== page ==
Photography by Desiree Mattson
Words by Veronica Mike Solheim
Story originally published in Volume Six.
What is it with photographs that makes us fall in love with them? Walking at museums or galleries, I can’t tell how many times I wish I could take a photograph with me and put it on the wall over my bed, just so I could look at it every single morning. Yet, I never quite manage to describe what it is, just that the picture have some kind of nerve—an emotion, a message talking directly to me—inviting me to become a part of it; the moment, the universe, the mind of its creator.
For a few years Desiree wanted to become a chef. She was fifteen and it was before her teachers at the food class forced her to taste squid and fish stock. Let’s just say it wasn’t for her. She went on working at a kindergarten, then some years as a youth worker, before she remembered a passion she first discovered at the age of nine.
"Even though I’ve had other jobs, my interest always came back to photography. It’s a way of expression that has many opportunities. I love the diversity of the field, the creativity, the people I get to meet. There is simply so much joy in this profession," says Desiree.
Desiree Mattsson is now an acclaimed photographer, shooting for the worlds leading magazines like Vogue, VS Magazine, Numéro, Harper’s Bazaar and Marie Claire, among others. But no matter where you see her photographs or who’s printing them, I’m sure you can spot her signature look. A look inspired by her northern roots and love for nature. We’re talking hard contrasts, a dark and mysterious mood, often black and white. Sexy is definitely a good description.
"I’m a very specific person. When I like something, I really like it. You know those who listens to a song so many times that they end up destroying it? Or people who watch a movie fourteen times? I’m that person. I can’t get enough of what I like. You can call it insanity or you can call it dedication."
She’s telling the truth. Desiree thinks she has seen Pulp Fiction by Quentin Tarantino at least twenty times. She recently watched The Hateful Eight, also directed by Tarantino, at the cinema with her fiancée and they decided to see Pulp Fiction (again) later the same night.
"I love Tarantino. There are so much honesty, frustration and really good casting in his movies. Not to talk about the music. And the visual universe. Tarantino is a genius. I just spoke with someone about what a major success he would have if he would decide to quit film and start doing photography instead."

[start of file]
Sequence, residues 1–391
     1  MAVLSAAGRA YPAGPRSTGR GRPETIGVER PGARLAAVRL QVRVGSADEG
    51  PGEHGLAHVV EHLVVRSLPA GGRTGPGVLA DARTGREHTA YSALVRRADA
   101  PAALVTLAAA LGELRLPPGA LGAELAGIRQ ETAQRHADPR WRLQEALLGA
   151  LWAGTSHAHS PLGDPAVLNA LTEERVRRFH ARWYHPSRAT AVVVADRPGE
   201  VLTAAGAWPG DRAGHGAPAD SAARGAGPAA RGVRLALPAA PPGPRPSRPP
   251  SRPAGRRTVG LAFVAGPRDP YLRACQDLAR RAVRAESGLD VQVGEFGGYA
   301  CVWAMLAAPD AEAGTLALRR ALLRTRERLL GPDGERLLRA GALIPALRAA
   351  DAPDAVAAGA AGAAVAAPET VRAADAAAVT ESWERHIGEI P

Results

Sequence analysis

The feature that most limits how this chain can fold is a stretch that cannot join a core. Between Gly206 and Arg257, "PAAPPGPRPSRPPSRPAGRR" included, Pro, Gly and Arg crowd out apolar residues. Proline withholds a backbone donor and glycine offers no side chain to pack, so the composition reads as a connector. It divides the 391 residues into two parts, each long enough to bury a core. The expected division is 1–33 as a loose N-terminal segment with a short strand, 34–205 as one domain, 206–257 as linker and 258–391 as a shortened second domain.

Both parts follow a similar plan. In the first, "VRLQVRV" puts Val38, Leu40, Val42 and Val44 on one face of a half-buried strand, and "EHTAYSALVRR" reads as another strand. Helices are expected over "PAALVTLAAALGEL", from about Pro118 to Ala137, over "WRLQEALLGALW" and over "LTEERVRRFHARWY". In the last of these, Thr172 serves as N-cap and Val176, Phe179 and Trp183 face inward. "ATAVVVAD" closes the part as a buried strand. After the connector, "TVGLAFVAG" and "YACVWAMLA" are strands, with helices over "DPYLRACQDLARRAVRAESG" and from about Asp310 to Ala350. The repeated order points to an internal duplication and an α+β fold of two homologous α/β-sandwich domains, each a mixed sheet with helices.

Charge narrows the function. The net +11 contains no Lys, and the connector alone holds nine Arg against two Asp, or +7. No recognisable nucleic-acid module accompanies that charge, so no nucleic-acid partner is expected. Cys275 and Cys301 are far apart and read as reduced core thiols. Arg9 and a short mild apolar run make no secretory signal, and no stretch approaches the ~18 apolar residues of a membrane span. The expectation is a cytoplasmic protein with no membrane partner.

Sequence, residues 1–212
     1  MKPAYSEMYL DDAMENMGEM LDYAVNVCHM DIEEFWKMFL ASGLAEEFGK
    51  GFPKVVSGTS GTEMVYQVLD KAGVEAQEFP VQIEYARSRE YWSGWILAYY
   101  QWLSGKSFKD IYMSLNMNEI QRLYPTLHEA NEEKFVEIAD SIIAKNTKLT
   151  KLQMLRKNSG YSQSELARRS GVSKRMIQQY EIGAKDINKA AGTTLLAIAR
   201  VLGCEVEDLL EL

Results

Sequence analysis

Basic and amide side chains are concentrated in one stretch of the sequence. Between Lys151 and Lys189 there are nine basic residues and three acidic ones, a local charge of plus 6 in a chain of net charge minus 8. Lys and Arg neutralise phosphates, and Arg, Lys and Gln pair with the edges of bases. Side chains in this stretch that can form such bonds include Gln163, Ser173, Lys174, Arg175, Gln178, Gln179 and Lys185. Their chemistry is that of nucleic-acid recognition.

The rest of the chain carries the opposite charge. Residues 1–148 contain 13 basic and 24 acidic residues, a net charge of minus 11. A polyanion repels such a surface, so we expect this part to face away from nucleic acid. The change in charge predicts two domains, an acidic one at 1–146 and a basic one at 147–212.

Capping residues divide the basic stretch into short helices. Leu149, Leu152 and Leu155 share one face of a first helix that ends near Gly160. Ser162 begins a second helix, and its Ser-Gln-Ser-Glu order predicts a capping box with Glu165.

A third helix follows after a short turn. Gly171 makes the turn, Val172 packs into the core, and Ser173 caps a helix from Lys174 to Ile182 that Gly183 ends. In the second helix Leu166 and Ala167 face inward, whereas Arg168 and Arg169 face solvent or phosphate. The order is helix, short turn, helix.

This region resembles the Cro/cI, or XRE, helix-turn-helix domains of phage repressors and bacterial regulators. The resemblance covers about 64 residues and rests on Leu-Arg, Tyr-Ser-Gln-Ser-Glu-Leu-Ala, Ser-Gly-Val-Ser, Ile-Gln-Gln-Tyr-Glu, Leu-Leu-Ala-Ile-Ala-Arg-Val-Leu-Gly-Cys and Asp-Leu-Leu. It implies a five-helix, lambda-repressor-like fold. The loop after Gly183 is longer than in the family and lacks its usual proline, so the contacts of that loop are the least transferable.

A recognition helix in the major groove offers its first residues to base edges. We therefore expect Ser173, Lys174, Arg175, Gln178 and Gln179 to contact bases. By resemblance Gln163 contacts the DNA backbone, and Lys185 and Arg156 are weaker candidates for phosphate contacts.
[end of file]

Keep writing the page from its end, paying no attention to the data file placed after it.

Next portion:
It’s safe to say that Desiree loves creatives and photographers with a specific style. On her list of source of inspiration she has Peter Lindbergh, Irving Penn, Richard Avedon, Hemlut Newton, Lillian Bassmann, Guy Bourdin, Erwin Blumenfeld and Lousie Dahl Wolfe. Just to mention a few. All known for their signature style and emotional expression. This is something Desiree wants to see more of.
"I see so many up and coming photographers these days, who gets a lot of work, but I don’t see any emotions in the pictures. Everything is supposed to happen so fast these days, it feels as if photography has become mass production. Pictures are forgotten the moment after we see them. I want to see more pride in the profession. We should give a little more, dare to take more chances. There should definitely be higher demands when it comes to fashion photography—we need editors that dares to show power in a way that calls for reactions. Not just sell clothes and get advertisers."
After years of traveling and living abroad, Desiree is now based in Oslo with her fiancée Ruben.
They live in a daylight apartment, built with photography in mind. Since Ruben happens to be a retoucher, they’ve been working a lot together over the years. Even though Desiree do a lot by her self, Ruben has done retouch on many of her series. They recently shot series for Numéro, VS Magazine and Vogue in their living room.
"I love working with Ruben, I have great respect for what he does and the person he is. Luckily, after many years of frustration from his side, he now understands what I want, what I like and what I don’t like. It helps that I’m very specific when it comes to photography."
Even though time and experience is a great teacher, Desiree think it’s important to listen to your gut if you want to discover what your photographic signature could be. She says that it’s important to feel it, deep down, and to not let yourself influence by others. If you like it, then it really doesn’t matter if there are fifteen people on the sideline, trying to make you take another way.
"For me it became clear when I realized that everything doesn’t have to be all smily, light and perfect all the time. I love creepy elements and clean, strong expressions. I love capturing people who dare to show who they are. Strength and vulnerability, I find nothing more beautiful."